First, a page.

Local News: This week Mission Mississippi announced that its annual Racial Reconciliation Celebration Banquet is scheduled to take place on Thursday, October 23, at 7 pm at the Jackson Convention Complex. For more information, go to www.missionmississippi.org.
Si Robertson of the tremendously popular A&E television show, Duck Dynasty, has said that the fact that four guys with long beards could become TV stars shows that God has a sense of humor. For some Christians, the notion that God has a sense of humor makes perfect sense; for others, it may be uncomfortable, even offensive. Many dramatic portrayals of Christ show him to be solemn and austere, and while the intention may be to safeguard reverence and respect, is something lost when we perceive Jesus as overly somber?
1. Jesus’ humanity demands that he had a sense of humor
The Lutheran Hour’s Rev. Ken Klaus has stated that there is much in the New Testament which leads us to believe Jesus had a sense of humor.
In John 10, Jesus’ opponents are getting ready to throw stones at him. Jesus responded by saying, “I have shown you many great miracles from the Father. For which of these do you stone Me?” The Lutheran Hour cited this as an example of Jesus “using humor to disarm his opponents”.
Klaus also said there is some humor in Jesus giving the nickname “Peter”, which means “Rock” to his disciple, Simon:
“When you think of somebody called ‘Rocky,’ you think of someone you can count on; someone who is solid, somebody who is tough. But that's not Simon Peter. Peter couldn't do two things in a row which were consistent… First he said Jesus shouldn't wash his feet and then he asked Jesus to wash all of him. [In Matthew 16] he gave this beautiful statement of faith and then seven verses later he's trying to talk Jesus out of going to Jerusalem to die. Calling Peter ‘the Rock’ would have been like calling… somebody in the NBA ‘Shorty.’ The disciples would have got the joke.”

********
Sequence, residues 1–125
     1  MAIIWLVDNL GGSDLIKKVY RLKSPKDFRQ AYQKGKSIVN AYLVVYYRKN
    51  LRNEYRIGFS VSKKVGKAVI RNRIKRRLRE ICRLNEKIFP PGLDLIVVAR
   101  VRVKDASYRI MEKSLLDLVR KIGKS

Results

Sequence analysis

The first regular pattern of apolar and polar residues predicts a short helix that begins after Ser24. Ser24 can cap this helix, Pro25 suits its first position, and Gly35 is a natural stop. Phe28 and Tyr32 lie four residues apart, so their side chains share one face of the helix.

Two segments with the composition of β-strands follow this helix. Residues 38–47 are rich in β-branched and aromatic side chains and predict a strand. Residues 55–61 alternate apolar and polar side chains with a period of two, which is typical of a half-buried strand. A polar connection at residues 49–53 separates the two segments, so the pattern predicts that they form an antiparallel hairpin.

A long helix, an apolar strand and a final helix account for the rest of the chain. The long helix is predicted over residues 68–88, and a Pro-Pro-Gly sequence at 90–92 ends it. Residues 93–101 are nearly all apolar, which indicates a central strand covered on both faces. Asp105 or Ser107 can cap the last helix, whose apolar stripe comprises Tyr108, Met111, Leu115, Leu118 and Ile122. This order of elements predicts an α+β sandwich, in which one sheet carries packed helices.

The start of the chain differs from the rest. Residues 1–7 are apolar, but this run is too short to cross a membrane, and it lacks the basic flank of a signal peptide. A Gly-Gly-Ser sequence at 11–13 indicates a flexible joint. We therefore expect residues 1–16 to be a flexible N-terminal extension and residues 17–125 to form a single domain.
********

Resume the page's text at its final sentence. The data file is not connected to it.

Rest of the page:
In his March 12, 2012 Relevant magazine article, “Jesus was funnier than we think”, James S. Martin said that our failure to come to terms with Jesus having a sense of humor could be an indication that Jesus’ humanity itself makes us a little uncomfortable:
“I think that more than a few contemporary Christians are still ‘closet Docetists.’ That is, although they buy into the idea of Jesus’ humanity, they are still inclined to think of Him as God simply pretending, or playacting, at being human. But if we accept the idea of Him as a human being, we must accept all human attributes for him—laughing as well as suffering.”
Martin said Jesus’ humor is evident in everything from his witty parables to his “zippy asides to the Roman authorities” and his “tart replies to the scribes and the Pharisees.”
2. Old Testament examples of humor
Jesus’ humor flows not only from his human nature, but his divine nature as well. Jesus laughing and having fun with his disciples is only irreverent if we presuppose such actions to be beneath God’s dignity. At times, though, the Bible can be a very funny book, Old Testament and New Testament alike.
As far as Biblical humor goes, one of this examiner’s personal favorites is Nehemiah 13:25. After seeing that certain of his countrymen have gone against Jewish law and married idolatrous women, Nehemiah confronts them, saying, “I contended with them, and cursed them, and struck certain of them, and plucked off their hair.” It’s hard to read this great Jewish leader’s narration without a mental image of The Three Stooges and Moe pulling Larry’s hair out popping up.
Another great example is Job 39:17. In describing the ostrich, the passage says, “God did not endow her with wisdom or give her a share of good sense.”
In her Christianity Today article, “Does God have a sense of humor?”, JoHannah Reardon explained that our ability to process certain things as funny is itself an ability we derived from God. Humor itself is not a result of our being fallen; it’s embedded in creation. She said:
“Surely [God] made creatures such as the otter, dolphin, and penguin, just because they delighted him so much.”
Reardon, managing editor of ChristianBibleStudies.com, said that the book of Proverbs is where Biblical humor is most easy to spot:
“If you read [Proverbs] aloud to a group, it's difficult not to laugh. You wonder if Solomon had just fought with one of his many wives when he said, ‘Better to live on a corner of the roof than share a house with a quarrelsome wife’ (21:9). However, my favorite proverb is 22:13, ‘The sluggard says, 'There is a lion outside!'’ That sounds like as good excuse as any to me on days when I feel lazy. I don't recommend trying it with your boss next Monday though.”
Reardon clarified that God’s humor, unlike that of fallen humans, is never cruel. Echoing this sentiment, in The Screwtape Letters, C.S. Lewis brilliantly distinguished between real humor, which is good, and flippancy, which is bad.
“Among flippant people… every serious subject is discussed in a manner which implies that they have already found a ridiculous side to it. Flippancy … is a thousand miles away from joy; it deadens, instead of sharpening, the intellect; and it excites no affection between those who practice it.”
May we remember the words of Proverbs 17:22, “A cheerful heart is good medicine.” Thank God for the blessing of humor.